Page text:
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It’s All In The Details – Creating A Successful Care Plan For Your Children’s Guardians

Death isn’t something we like to talk about, but it’s critical to have a detailed plan for your children’s guardians – just in case. Wills, Trusts & Estates

This past week, my parents came to help my wife and I as we prepared for my wife’s upcoming medical procedure. They came early to learn the kids’ routines such as where their school is, what they eat and their bedtime routines.

Most of us don’t really think much about our day-to-day routines. In fact, we just go. We’re pretty much on autopilot. Having my parents come to help me with the kids was a good dry run for if my wife and I were to unexpectedly pass and we needed our children’s guardians to step in and follow the instructions we’ve prepared.

To help us prepare for her procedure, which would leave her out of pocket for a couple of weeks, my wife typed out every little detail about the kids’ days. Or so we thought. When we did a dry run with my parents, we quickly realized that there were several little – but very important details – that we forgot to include in our notes. And it was these details that would make the difference between a smooth and successful day with our kids versus potential meltdowns and a frustrating experience for everyone.

My wife covered the big ones – what time the kids take their medications, how much and how. Who likes what food, how to maneuver through the carpool line for school and what time they go to bed.

What we forgot to include were things like EXACTLY how to cut my son’s peanut butter sandwich. In her directions, my wife said, “Cut the peanut butter sandwich.” But as my parents were making my son’s peanut butter sandwich during the dry run, they asked, “Do you cut it in half? Do you cut it in quarters?” No. Actually, we have to cut his sandwich into quarter-sized bites and we have to cut off the crust. Wow. Something we do automatically. Failure to include that kind of detailed information could have derailed lunch for my six-year-old special needs son who is in feeding therapy and needs small bites of food to be successful with eating.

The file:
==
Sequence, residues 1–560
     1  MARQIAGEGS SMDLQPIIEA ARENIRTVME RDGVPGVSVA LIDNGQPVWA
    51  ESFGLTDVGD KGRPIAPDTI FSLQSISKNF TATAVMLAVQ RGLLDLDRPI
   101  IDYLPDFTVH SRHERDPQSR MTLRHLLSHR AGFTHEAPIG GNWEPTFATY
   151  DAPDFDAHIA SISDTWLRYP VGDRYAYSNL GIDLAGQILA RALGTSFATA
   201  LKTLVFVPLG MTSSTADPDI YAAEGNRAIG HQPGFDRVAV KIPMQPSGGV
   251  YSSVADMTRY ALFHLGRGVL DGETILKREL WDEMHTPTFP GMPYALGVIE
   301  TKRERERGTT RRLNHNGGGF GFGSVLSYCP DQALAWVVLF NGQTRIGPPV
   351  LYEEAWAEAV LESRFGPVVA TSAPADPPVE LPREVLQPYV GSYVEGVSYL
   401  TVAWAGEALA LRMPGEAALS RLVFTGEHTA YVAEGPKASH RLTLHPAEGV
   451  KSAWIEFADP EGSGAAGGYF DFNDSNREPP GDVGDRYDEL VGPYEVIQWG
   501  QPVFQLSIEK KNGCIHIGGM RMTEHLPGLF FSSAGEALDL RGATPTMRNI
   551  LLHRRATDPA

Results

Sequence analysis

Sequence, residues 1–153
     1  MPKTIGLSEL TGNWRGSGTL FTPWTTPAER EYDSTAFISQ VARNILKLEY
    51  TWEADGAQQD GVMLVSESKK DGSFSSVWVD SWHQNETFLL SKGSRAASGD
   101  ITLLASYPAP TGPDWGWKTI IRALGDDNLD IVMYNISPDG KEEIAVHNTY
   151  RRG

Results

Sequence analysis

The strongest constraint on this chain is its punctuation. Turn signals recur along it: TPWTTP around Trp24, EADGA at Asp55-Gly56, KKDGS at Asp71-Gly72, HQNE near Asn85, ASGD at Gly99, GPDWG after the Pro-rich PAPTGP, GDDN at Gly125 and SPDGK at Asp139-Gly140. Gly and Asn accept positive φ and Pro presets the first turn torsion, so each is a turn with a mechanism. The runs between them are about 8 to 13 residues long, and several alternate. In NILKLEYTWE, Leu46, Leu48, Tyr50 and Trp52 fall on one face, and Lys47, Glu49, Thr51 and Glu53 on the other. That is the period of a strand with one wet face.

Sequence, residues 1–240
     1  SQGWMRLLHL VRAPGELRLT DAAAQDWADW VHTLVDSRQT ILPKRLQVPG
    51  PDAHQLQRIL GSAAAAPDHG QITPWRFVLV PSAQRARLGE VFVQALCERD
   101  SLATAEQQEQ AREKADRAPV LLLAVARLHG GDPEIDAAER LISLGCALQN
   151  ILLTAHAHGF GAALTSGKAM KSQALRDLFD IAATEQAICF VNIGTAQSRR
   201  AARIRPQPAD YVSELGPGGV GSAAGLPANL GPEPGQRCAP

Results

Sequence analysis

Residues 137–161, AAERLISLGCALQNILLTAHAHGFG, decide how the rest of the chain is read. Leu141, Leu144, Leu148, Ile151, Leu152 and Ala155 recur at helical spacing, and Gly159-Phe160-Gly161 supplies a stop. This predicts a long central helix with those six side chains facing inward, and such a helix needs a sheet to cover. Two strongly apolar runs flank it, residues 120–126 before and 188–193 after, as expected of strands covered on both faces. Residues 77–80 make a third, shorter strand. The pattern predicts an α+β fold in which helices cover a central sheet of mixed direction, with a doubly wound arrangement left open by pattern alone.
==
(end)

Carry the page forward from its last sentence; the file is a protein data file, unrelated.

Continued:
Next, my wife wrote specific notes about how to pick up our little girl from preschool (we walk in to get her). As my wife did a walk through with my parents, again, she realized she forgot to include some pretty important details such as:

  • Make sure you have a photo ID or the carpool tag to identify yourself when you pick her up
  • As you walk out of the school, you have to hold her hand as she tends to run out into the parking lot (she’s only 2)
  • And that you need sanitize her hands as soon as you get the car as her brother is medically fragile and a two year old’s hands are a magnificent host for germs.

Again, things we just do without even thinking – but that are really important for keeping our kids safe and ensuring a smooth day.

Further, when my special needs son says “Don Clare” he’s not asking for a person. He’s asking for one of his favorite books. To be honest, I didn’t even know this one. We don’t have a book titled, “Don Clare” and none of the books have a character named “Don Clare.” My son has just begun using two to three word sentences and this was his interpretation of the book titled “Bear Snores On.” How my wife figured this out, remains a mystery to me – and it would have remained a mystery to my parents if my wife hadn’t written it down in our notes after my dad asked her what my son was asking for.  

Our kids, like many others, thrive on routine and have favorite objects or TV shows, books or movies. Simple things like their favorite stuffed animal that they need to go to sleep with at night or where they like to hide their favorite sippy cup or the name of their favorite YouTube videos are small details – but they are of big importance to our children and bring them great comfort.

By painstakingly detailing your routines and including details about what makes your child comfortable or happy in your care plan, you are setting your guardians up for success and for a smooth transition in case something were to suddenly happen to you and your spouse.

Need help planning for your children’s future? We can help. Contact DJ Jeyaram at DJ@JeyLaw.com or 678.325.3872.

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